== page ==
While these types of contributions prior to the new Court ruling could only be used for “issue ads” — political advertisements that do not expressly advocate for or against a particular candidate — many such ads were often accused of blurring this line and having nearly the same impact as express advocacy ads.
Christian Hillard, spokesman for the Federal Election Commission (FEC), confirmed Tuesday that the FEC has “no authority over issue ads.”
Corporate funding of issue ads through trade associations has “no filing requirements with us,” he told Raw Story.
New ruling’s impact on the trade association loophole
Now that corporations, including trade associations, are free to spend funds on political ads – which cannot be coordinated with a candidate or political party but which expressly advocate the election or defeat of a candidate – the line between funding issue ads and express advocacy ads has been largely erased.
Campaign finance experts expressed grave concern in conversations with Raw Story.
Paul S. Ryan, an attorney and expert in federal election law at the Campaign Legal Center in Washington, D.C., asserted that Congress did not contemplate this new Court ruling when it wrote the laws for disclosure related to independent expenditures or electioneering communications, because at the time such corporate spending was prohibited. Ryan said that it’s imperative that the FEC addresses disclosure requirements pertaining to this decision.
“Take hypothetically a group like the Chamber of Commerce,” he explained. “The Chamber collects money from lots of other corporations. So the question becomes: What kind of disclosure are we really going to get when the FEC gets around to promulgating rules to implement this Supreme Court decision?”
“Yes, the Chamber needs to file paperwork with the FEC saying we ran an ad saying Vote for Candidate Smith,” he continued. “But does the Chamber need to tell the FEC where it got its money to pay for that ad? And when the FEC adopts its rules to implement this new Supreme Court decision, the FEC will likely say, ‘Chamber of Commerce, you only need to tell us where you got your money if that money was given to you specifically designated to run election ads.’”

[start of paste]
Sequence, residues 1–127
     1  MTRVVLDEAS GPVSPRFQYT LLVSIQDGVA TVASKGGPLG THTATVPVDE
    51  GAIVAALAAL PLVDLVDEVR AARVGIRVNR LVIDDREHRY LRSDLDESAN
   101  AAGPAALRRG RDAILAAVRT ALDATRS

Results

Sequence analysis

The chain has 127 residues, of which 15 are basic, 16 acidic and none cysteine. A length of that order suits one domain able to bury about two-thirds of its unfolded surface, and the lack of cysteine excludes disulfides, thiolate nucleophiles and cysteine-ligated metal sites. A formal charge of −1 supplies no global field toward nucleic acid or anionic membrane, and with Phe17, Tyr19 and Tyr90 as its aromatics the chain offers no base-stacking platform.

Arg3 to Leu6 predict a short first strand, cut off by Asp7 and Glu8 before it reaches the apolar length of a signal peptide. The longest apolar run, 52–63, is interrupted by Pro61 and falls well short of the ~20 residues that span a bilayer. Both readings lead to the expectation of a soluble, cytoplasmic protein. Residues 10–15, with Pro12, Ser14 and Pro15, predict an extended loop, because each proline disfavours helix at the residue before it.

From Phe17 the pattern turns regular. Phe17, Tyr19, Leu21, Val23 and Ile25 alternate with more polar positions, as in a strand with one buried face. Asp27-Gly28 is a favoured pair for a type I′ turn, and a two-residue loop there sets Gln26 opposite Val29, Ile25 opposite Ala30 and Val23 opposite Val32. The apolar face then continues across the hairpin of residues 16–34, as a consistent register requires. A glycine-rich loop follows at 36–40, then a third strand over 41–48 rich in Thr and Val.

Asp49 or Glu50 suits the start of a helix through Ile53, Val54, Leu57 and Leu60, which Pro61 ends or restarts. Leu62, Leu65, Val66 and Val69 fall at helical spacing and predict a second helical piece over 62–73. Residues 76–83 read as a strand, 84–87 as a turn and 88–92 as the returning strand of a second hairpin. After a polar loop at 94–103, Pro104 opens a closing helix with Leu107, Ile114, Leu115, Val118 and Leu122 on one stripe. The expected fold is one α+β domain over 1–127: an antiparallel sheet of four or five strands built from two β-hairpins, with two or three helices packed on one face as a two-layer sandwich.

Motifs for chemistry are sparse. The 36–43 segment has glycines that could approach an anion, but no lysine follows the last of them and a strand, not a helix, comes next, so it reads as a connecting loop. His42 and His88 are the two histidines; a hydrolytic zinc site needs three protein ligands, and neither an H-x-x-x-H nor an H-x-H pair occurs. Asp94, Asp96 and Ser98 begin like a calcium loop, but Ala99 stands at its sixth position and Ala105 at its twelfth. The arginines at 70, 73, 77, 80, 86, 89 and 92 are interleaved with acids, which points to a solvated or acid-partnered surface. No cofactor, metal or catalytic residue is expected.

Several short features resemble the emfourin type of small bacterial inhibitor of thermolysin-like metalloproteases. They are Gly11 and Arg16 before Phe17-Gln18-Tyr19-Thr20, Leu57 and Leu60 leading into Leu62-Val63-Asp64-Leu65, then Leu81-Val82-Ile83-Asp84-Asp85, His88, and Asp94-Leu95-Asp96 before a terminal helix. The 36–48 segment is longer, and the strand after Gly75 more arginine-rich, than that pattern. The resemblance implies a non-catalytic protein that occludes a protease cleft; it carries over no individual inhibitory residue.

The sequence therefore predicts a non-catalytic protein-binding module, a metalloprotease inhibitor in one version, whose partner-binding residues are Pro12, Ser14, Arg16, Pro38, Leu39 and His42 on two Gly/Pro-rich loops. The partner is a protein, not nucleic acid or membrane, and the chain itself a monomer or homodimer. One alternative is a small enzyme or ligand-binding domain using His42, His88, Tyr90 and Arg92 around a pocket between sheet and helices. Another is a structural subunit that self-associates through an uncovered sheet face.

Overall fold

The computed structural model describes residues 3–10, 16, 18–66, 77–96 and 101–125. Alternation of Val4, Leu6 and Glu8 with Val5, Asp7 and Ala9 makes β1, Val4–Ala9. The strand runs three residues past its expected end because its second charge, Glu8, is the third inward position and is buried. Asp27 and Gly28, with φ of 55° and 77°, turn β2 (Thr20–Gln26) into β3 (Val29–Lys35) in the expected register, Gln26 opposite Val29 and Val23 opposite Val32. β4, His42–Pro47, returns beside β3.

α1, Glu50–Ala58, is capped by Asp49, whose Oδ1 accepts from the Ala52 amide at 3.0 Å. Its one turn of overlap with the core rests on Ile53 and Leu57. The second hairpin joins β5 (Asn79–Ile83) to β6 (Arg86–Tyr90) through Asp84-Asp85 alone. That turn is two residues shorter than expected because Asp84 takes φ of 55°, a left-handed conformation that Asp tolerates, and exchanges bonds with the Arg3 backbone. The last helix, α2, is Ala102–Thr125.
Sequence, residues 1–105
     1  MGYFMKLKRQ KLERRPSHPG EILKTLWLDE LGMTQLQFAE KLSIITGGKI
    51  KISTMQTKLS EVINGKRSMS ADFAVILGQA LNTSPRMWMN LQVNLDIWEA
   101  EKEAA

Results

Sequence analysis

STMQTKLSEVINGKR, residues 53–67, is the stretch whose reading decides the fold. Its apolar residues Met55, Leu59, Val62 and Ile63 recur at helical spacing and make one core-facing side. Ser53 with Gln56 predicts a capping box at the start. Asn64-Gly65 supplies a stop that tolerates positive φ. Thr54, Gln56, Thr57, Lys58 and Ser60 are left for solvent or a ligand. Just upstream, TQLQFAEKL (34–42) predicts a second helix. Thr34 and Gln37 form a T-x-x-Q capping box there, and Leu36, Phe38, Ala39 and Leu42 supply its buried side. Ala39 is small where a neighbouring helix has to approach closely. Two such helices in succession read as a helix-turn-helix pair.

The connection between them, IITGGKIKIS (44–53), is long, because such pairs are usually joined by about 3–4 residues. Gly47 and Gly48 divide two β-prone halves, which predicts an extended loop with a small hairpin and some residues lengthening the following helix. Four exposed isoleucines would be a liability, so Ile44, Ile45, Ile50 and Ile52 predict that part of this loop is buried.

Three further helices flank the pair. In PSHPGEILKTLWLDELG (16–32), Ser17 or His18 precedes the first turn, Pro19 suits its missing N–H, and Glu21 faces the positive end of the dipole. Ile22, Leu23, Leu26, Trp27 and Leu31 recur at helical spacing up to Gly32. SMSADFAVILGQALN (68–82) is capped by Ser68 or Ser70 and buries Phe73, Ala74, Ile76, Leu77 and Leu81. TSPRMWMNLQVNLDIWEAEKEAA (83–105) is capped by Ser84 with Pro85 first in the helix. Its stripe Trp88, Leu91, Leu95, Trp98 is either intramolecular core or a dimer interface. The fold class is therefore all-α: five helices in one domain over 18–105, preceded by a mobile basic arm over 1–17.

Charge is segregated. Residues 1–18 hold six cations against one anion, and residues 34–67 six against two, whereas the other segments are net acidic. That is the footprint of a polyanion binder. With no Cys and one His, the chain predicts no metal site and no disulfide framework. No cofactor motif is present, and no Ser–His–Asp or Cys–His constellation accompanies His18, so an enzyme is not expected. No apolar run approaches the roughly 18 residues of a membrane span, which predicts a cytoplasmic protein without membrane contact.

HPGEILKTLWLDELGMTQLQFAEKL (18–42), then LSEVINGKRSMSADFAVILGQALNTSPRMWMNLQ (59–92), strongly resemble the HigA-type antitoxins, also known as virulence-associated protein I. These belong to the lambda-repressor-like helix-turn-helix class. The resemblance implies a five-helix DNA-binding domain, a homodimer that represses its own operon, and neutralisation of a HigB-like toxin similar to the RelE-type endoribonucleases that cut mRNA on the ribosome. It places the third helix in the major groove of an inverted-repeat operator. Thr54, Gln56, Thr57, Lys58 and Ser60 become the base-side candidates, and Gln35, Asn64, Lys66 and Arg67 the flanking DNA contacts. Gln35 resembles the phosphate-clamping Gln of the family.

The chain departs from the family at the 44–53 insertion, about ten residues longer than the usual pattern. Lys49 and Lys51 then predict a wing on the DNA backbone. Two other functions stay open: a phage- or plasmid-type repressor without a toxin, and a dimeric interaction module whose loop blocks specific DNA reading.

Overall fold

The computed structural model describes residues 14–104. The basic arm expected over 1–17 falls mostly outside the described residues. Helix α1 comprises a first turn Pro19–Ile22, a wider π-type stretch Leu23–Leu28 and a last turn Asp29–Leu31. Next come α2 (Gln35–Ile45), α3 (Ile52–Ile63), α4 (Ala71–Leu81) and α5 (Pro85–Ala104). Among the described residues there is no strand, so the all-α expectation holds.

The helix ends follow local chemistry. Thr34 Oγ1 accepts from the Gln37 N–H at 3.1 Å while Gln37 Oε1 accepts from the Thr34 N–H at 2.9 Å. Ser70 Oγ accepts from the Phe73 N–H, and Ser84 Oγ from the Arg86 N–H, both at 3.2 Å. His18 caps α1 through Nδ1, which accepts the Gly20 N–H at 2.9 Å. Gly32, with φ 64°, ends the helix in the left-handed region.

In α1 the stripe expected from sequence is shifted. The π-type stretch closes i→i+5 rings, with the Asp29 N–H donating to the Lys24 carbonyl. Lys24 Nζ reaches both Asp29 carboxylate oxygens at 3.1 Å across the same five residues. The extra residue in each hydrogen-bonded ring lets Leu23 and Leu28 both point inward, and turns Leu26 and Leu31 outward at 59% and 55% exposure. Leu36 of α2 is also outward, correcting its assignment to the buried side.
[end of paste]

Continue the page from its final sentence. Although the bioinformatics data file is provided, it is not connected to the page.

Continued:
Ryan and other campaign finance experts told Raw Story this is a simple dodge.
“It’s child’s play to get around that type of disclosure,” Ryan said, adding, “It’s unclear whether the Court was being naive or disingenuous” when it touted disclosure provisions during its decision.
He explained that, for example, all the Chamber of Commerce has to do is tell other corporations, “Give us money and we’ll make sure it advances your business interests.”
“So as long as the donors don’t say to the Chamber, ‘We’re giving you this money to run political ads,’ as long as they refrain from saying that, then their identity can continue to be shrouded or hidden from the public.”
The Center for Accountability’s Sandstrom agreed, saying this type of disclosure “is easily avoided” and adding, “As long as you don’t designate it, you won’t be disclosed.”
The Chamber of Commerce, in fact, argued against any disclosure in the Citizens United case.
“Their first brief filed in Citizens United is on the disclosure issue,” Sandstrom said. “They argued that they would raise substantially more money the more they could keep it anonymous.”
FEC spokesman Hillard said that the FEC was still examining the impact of the Supreme Court’s decision and would not comment on anything pertaining directly to that ruling, including disclosure provisions.
Brad Jacobson is a contributing investigative reporter for Raw Story.
Correction: The Chamber of Commerce represents at least 300,000 businesses and organizations, not three million. The figure was incorrectly put out by the Chamber itself, which revised its membership figure in 2009 but maintains the inflated number on its website.